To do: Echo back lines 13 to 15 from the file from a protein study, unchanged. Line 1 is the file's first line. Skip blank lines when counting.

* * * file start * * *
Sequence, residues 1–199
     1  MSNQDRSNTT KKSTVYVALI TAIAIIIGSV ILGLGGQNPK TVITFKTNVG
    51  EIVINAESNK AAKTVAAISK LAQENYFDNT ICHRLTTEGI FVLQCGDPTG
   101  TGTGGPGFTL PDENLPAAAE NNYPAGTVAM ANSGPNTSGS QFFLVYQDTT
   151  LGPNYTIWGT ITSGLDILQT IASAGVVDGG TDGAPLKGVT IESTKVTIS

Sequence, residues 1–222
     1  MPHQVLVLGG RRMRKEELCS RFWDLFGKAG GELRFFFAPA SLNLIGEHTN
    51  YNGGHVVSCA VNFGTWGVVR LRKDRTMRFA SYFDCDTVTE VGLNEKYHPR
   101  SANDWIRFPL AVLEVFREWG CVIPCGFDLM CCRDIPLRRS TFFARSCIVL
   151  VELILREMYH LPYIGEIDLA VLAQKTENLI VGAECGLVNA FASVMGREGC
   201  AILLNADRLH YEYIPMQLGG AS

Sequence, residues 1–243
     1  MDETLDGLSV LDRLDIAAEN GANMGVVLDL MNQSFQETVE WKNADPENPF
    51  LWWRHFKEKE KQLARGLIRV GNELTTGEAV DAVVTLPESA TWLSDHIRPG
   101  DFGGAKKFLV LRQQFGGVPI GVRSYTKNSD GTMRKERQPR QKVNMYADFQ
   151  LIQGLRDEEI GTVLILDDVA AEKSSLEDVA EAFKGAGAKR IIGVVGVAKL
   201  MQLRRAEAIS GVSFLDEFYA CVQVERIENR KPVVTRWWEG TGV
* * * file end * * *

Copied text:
     1  MDETLDGLSV LDRLDIAAEN GANMGVVLDL MNQSFQETVE WKNADPENPF
    51  LWWRHFKEKE KQLARGLIRV GNELTTGEAV DAVVTLPESA TWLSDHIRPG
   101  DFGGAKKFLV LRQQFGGVPI GVRSYTKNSD GTMRKERQPR QKVNMYADFQ